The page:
Thu, Sep 15, 2022

What Is IT Risk?

Information technology (IT) risk is any potential threat to business data, critical systems and business processes. It is the risk associated with the use, operation, involvement, influence, ownership and adoption of IT within an organization or business. IT risk can potentially damage business value and often come from poor management of organizational processes and events.

Categories of IT Risk

IT risk covers a range of business-critical areas. It is important to be cognizant of all the different types of IT risks that could potentially affect an organization.

IT risk can be generally separated into four broad categories, as follows:

  1. Security: The data within an organization is compromised because of unauthorized access or use.
  2. Compliance: There is failure on the part of one or multiple employees to abide by established laws and regulations, such as data protection.
  3. Availability: There are challenges related to the ability to access an organization’s IT systems, needed to carry out its operations.
  4. Performance: Productivity is reduced because of slow or delayed access to IT systems.

Potential Impacts of IT Risk

Events or incidents that compromise IT can cause many problems, particularly for a business that relies on technology to carry out its day-to-day operations. In today’s tech-heavy environment, practically all organizations of any size or sector would benefit from robust IT risk management.

A security breach can result in the following problems:

  • Identity fraud and/or theft
  • Financial fraud and/or theft
  • Damage to brand
  • Damage to the organization's physical assets
  • Leaking or releasing of classified information or intellectual property
  • Drop in company valuation

Failure of IT systems due to downtime or outages can result in further damaging and diverse consequences, including the following:

  • Lost sales and customers
  • Reduced staff, morale and/or business productivity
  • Drop in customer loyalty and satisfaction
  • Impaired relationships with partners, suppliers and other stakeholders
  • Loss of competitive advantage

Should IT failure affect an organization’s ability to comply with laws and regulations, it could further result in:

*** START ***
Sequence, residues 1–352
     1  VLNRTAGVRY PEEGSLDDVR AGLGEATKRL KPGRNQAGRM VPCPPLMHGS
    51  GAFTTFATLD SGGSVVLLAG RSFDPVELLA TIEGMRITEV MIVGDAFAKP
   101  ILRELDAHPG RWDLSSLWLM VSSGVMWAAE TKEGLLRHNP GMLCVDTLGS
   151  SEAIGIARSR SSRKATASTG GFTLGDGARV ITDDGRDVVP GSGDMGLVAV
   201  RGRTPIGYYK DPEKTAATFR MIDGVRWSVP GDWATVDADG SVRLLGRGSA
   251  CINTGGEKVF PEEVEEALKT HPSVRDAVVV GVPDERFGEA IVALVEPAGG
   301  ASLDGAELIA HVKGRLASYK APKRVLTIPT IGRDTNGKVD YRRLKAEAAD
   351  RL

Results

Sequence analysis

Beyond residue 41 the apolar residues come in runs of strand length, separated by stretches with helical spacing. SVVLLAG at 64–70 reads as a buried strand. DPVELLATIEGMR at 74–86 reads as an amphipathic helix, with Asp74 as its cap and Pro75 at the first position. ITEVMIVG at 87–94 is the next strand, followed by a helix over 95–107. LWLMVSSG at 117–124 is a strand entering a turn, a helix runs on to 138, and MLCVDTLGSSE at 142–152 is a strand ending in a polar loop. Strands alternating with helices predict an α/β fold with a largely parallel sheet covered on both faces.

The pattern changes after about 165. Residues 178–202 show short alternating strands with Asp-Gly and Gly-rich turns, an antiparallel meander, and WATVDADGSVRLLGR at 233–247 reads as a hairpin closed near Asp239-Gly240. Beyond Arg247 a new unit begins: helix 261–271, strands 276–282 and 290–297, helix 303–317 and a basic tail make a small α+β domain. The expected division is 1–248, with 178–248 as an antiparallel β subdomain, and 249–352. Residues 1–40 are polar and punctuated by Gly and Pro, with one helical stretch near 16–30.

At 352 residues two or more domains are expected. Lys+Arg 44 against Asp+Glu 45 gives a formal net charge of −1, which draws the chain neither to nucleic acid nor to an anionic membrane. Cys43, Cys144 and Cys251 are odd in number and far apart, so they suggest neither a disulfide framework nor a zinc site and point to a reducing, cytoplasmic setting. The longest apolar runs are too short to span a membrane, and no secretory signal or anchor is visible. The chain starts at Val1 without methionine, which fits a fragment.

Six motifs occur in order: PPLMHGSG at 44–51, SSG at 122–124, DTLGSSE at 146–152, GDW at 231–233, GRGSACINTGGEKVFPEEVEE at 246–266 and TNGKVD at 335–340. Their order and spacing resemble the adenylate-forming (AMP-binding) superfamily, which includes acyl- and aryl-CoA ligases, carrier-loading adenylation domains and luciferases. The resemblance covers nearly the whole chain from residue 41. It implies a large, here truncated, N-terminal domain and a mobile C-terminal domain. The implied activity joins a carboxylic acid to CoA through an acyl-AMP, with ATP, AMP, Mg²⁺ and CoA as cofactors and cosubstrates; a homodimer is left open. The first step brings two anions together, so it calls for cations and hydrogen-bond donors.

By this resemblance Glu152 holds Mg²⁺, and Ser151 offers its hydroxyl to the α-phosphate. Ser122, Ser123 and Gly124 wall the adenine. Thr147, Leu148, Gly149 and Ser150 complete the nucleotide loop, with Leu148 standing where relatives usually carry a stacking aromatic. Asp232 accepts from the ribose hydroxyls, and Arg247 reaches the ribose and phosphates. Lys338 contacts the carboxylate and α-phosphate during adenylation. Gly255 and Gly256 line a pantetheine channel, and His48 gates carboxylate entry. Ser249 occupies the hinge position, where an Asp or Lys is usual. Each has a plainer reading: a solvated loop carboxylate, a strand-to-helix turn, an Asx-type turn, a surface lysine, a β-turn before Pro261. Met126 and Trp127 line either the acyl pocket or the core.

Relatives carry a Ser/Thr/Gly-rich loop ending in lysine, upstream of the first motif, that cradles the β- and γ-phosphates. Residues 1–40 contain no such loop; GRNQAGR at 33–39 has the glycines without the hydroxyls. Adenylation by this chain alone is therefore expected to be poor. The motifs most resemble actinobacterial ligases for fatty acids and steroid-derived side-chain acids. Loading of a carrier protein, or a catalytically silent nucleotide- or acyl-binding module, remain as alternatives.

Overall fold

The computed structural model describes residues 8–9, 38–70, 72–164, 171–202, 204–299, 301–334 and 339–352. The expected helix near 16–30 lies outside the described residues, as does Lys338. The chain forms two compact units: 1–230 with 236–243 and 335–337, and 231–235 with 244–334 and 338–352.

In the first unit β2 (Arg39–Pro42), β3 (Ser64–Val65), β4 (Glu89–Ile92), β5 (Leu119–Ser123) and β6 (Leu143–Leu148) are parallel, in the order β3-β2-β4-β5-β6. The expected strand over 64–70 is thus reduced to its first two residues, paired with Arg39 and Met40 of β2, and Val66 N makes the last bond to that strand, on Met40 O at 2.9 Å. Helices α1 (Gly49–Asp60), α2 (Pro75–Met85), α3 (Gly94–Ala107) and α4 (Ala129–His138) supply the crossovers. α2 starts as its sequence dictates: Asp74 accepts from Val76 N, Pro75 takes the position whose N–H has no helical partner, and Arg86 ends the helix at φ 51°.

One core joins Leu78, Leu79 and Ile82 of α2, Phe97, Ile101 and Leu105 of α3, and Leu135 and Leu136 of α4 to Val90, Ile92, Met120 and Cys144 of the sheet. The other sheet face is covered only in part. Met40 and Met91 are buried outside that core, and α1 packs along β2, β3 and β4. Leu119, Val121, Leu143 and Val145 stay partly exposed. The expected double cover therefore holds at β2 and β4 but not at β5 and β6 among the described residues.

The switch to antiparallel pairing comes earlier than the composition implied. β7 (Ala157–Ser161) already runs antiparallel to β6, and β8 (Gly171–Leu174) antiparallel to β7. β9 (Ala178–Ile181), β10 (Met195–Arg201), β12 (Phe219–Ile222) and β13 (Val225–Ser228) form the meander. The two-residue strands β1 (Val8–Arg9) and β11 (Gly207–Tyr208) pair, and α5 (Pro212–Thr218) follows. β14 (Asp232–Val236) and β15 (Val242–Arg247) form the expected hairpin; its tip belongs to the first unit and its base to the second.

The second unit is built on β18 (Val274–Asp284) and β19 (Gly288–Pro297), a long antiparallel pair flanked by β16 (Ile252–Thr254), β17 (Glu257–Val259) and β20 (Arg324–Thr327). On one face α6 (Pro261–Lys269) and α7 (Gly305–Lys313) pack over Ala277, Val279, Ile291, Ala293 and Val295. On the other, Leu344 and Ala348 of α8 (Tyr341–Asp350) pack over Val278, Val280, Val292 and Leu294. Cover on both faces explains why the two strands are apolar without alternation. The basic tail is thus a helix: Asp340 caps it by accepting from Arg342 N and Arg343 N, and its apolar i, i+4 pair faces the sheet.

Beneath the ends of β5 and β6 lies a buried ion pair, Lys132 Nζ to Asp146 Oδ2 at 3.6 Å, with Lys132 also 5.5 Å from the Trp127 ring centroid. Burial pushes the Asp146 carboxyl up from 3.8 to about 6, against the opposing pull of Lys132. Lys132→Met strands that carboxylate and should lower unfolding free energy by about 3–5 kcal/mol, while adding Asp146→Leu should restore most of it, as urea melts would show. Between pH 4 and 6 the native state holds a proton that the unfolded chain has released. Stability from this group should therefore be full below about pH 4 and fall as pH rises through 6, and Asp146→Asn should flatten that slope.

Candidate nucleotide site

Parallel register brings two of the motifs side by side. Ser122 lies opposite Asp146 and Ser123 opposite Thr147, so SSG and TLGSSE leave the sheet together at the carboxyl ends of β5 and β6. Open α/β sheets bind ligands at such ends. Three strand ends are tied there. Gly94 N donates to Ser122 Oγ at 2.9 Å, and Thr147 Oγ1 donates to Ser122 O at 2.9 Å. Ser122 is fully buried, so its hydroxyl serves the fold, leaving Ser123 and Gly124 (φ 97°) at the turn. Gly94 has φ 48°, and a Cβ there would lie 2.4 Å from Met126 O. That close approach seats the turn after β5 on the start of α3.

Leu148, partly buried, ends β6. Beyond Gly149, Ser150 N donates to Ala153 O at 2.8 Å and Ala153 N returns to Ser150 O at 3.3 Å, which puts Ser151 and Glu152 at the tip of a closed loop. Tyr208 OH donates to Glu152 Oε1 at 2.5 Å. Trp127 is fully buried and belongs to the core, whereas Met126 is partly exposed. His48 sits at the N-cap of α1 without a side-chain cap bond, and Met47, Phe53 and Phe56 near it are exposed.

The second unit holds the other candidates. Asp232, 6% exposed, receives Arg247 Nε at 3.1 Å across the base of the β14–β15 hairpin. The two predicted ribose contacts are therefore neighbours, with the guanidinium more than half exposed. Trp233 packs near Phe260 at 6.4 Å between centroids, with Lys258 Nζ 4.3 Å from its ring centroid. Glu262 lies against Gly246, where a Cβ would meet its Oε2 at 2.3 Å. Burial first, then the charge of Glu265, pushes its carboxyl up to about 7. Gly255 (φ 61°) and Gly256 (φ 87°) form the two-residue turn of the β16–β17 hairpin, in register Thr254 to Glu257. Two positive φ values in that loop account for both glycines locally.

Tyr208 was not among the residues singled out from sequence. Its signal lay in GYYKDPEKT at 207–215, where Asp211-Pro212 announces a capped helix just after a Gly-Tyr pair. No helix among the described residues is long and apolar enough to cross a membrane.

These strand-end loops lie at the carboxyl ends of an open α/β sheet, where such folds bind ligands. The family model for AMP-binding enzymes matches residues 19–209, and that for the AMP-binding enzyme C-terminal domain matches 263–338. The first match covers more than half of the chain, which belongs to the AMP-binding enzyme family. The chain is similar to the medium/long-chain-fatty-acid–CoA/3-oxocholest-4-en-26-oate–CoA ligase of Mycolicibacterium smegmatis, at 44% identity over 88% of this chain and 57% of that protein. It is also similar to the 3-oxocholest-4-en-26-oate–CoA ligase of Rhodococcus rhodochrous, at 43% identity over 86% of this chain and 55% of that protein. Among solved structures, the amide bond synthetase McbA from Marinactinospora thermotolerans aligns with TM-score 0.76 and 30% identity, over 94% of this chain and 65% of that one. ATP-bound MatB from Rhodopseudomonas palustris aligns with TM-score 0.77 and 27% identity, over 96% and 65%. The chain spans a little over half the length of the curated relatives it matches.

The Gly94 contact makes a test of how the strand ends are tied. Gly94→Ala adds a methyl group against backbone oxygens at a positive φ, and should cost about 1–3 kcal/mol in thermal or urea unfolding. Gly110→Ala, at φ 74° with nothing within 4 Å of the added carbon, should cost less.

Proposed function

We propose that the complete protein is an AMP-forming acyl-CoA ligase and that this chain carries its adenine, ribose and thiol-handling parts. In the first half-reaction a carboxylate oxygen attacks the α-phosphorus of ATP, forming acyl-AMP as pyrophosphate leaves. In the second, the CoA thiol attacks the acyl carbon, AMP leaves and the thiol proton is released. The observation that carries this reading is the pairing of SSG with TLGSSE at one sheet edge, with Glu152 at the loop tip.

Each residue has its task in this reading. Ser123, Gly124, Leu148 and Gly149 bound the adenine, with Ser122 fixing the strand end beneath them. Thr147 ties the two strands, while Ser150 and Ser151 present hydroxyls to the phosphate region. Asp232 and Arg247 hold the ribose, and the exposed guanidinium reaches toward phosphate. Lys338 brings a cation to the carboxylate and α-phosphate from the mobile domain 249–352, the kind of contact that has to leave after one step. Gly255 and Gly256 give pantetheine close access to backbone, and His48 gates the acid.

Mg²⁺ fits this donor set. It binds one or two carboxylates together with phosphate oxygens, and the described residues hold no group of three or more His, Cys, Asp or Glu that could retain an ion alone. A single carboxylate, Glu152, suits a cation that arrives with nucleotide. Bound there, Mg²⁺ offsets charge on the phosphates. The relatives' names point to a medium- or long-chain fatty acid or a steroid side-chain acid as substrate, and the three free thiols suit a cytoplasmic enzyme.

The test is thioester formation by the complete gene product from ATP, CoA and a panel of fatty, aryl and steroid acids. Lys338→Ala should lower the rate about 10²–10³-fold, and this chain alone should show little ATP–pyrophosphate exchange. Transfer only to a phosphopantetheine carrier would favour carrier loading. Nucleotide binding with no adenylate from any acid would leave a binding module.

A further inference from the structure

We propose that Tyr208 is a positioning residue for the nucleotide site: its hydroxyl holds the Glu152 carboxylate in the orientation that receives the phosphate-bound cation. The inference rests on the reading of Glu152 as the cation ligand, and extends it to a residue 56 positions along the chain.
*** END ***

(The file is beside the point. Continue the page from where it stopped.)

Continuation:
• Breach of legal duties
  • Breach of client confidentiality
  • Penalties, fines and litigation
  • Reputational damage
  • Increased insurance costs
  • Higher borrowing rates from lenders

Managing and mitigating IT risk should be a core concern for any business, irrespective of size and sector. Technology serves to connect and communicate with customers, suppliers, partners and business information; thus, adhering to IT risk best practices is crucial to the success of any business.

What Is an IT Risk Assessment?

In an IT risk assessment, IT risks need to be methodically identified, measured, managed and mitigated. The IT risk assessment process aims to accomplish this, by identifying security risks, determining their probability of occurring, and estimating the threat they pose. Once risks are identified and measured, they should be managed and mitigated through a comprehensive and detailed IT risk management process.

When conducting an IT risk assessment, it helps to gather detailed data and information on the IT systems, processes and users. There are two primary inputs to the risk assessment:

  1. Knowledge of the IT environment gained through working with the current systems: The results of gathering and analyzing IT data are that it provides insight into many key IT processes, such as managing logical access, managing application changes and performing data backups.
  2. Interviews with key IT personnel: Interviews are a productive means of gathering additional insights into other risks, including planned IT projects. The insight gained from interviews of key individuals can be used to evaluate and address the risks within the organization and to define the scope of IT audits in each process area. Professional judgment and discussions with the internal audit director can be used to calibrate the IT audit plan.